Thursday, July 1, 2010
Good to a Fault by Marina Endicott
Canadian author Marina Endicott's second novel, Good to a Fault (Harper, 2010), is still on my mind although I finished it more than a week ago. I miss those characters! If you like Anne Tyler (one of my all time favorite authors), try Endicott. Her protagonist Clara Purdy reminds me of Tyler's Ian Bedloe in Saint Maybe. Both characters are full of goodness, guilt and remorse.
We meet Clara Purdy, a lonely, mild-mannered insurance claims adjuster, in the first paragraph just as she crashes her car into another car during her lunch hour. Her life will never be the same. Inside that car is a homeless family, replete with two children, a baby and a (very nasty) grandmother. On learning that the Gage family is homeless and that the mother needs a hospital stay, Clara feels so guilty, she invites them all to live with her.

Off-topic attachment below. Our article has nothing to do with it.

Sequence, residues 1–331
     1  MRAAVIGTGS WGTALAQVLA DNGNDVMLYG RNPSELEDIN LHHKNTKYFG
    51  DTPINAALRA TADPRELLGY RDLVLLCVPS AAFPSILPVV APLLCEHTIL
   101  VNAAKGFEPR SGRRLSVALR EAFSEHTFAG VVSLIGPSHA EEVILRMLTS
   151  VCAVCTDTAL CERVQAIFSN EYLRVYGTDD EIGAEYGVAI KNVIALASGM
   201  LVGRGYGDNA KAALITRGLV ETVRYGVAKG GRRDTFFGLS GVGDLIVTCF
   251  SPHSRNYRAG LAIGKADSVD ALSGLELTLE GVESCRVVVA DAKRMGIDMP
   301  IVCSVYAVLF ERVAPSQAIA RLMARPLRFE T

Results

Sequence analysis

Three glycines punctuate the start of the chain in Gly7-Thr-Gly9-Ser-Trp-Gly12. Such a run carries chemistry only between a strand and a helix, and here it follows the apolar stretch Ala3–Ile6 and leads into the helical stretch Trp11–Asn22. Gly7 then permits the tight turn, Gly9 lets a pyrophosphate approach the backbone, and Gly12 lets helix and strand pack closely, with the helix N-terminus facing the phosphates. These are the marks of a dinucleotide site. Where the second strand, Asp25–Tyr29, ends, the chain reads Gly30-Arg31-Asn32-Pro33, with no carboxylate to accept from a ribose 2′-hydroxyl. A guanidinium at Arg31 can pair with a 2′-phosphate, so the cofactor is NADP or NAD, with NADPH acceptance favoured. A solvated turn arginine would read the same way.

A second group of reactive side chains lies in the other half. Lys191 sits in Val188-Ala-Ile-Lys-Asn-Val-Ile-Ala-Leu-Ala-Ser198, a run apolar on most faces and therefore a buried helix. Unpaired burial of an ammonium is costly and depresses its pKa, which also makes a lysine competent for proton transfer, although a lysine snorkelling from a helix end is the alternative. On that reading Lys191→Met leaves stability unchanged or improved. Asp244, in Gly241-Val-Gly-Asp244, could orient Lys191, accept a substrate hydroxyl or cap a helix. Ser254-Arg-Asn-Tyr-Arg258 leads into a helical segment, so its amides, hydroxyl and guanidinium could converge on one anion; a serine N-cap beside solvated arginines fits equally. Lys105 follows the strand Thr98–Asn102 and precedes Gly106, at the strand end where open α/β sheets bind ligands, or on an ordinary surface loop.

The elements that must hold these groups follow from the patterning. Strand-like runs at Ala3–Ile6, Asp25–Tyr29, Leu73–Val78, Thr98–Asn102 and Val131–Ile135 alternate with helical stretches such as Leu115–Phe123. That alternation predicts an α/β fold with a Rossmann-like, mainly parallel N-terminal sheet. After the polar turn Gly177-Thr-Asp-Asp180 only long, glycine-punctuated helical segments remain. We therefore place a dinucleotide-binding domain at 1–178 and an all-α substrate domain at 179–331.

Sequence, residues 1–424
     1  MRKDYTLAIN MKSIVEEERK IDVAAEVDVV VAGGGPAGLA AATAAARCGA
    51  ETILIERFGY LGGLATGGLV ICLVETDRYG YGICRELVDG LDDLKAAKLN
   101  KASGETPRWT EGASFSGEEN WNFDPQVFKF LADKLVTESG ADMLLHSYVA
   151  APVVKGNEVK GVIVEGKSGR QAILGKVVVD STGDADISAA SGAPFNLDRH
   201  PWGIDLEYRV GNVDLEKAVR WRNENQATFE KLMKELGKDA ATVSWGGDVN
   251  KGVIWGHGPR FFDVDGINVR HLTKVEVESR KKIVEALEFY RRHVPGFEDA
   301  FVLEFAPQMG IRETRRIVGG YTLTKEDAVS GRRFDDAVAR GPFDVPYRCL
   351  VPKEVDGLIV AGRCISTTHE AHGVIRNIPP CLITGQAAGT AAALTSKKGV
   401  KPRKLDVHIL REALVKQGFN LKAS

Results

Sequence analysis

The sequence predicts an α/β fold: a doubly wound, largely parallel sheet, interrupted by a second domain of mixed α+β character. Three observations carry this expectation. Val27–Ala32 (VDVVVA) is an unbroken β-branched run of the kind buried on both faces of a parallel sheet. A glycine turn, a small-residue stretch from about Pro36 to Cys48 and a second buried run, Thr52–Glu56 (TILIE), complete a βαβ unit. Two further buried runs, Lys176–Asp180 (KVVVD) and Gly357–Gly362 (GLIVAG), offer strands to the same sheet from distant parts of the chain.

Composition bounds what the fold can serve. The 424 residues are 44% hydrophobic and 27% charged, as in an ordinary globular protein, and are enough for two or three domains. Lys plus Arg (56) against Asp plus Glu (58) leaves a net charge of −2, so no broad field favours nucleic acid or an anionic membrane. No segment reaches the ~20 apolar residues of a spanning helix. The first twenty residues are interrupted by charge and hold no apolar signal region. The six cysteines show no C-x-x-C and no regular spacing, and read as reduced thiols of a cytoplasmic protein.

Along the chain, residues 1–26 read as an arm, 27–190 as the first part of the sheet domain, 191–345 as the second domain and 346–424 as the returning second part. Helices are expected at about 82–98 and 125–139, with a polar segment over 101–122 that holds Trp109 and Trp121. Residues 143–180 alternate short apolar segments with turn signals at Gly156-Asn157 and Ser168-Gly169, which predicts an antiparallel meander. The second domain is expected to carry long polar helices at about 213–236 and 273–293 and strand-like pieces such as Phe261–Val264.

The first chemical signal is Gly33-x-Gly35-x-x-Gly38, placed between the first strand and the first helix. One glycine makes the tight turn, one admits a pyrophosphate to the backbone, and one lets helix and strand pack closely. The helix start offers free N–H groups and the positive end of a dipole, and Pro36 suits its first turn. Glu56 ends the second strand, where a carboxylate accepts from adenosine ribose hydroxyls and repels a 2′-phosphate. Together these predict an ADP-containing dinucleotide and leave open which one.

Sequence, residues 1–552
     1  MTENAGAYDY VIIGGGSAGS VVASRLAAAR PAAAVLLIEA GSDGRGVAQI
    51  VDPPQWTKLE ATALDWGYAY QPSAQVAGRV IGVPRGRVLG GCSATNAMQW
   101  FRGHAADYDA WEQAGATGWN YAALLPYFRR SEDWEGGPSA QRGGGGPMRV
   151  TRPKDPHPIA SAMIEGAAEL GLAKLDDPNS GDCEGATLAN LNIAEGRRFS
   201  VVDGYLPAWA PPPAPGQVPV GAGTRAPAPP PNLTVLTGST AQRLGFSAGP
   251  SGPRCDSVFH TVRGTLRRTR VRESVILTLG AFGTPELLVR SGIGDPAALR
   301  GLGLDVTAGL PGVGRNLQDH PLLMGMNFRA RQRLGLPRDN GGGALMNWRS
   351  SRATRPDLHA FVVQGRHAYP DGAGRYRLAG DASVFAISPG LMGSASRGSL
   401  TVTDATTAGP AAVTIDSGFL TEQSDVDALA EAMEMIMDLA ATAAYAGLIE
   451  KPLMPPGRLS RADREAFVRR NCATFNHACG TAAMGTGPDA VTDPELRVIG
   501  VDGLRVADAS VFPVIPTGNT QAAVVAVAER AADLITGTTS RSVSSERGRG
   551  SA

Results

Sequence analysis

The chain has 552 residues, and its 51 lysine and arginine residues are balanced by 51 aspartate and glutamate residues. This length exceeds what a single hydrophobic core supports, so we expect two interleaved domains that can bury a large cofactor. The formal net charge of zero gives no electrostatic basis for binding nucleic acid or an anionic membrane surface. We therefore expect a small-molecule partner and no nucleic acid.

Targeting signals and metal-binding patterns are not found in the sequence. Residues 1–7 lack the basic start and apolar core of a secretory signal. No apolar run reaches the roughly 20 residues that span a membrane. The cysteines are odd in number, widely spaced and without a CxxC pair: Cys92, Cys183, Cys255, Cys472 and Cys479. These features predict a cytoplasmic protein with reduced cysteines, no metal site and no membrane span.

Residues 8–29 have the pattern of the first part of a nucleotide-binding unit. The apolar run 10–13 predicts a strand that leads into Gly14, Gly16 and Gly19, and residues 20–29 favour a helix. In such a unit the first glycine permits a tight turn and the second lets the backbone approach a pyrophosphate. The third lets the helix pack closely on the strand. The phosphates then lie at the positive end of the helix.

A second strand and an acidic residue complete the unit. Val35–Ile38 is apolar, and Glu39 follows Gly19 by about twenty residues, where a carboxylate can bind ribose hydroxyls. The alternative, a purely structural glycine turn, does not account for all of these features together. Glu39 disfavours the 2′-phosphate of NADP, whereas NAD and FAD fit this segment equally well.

Bad move, good move? Both. Clara finds herself enraptured with the three children, especially the baby, Pearce. When the children's mother, Lorraine Gage, is diagnosed with lymphoma, the temporary living arrangement becomes more permanent. Mr Gage flies the coop, stealing Clara's car and some money. The grandmother reveals her penchant for shoplifting. The plot thickens. Clara leaves her job and becomes totally enmeshed with the Gage family.
In addition to Clara's point of view, readers get inside the mind of Dolly the oldest child, who at age 8 is quite shrewd and street-savvy. Not knowing if her mother will live, Dolly starts snooping through neighbor's homes, looking for cash and valuables she figures she may have to steal later on if her mother dies and/or Clara turns them out. A soon-to-be-divorced priest, Paul Tippet, is also given page space, another lonely character who much like Clara, thrives on helping out this all-but-falling-apart family. And let's not forget Lorraine Gage, stuck in a hospital bed while her children seem to be thriving under the care of Clara Purdy.
A fine mix of characters, and for me a very compelling, both heart-wrenching and heart-lifting read. The novel was shortlisted for Canada's Giller Prize in 2008. I'll be looking for a copy of Endicott's first novel, Open Arms (Douglas & McIntyre, 2001), and hope we'll be seeing more novels from Endicott in the very near future. Happy reading!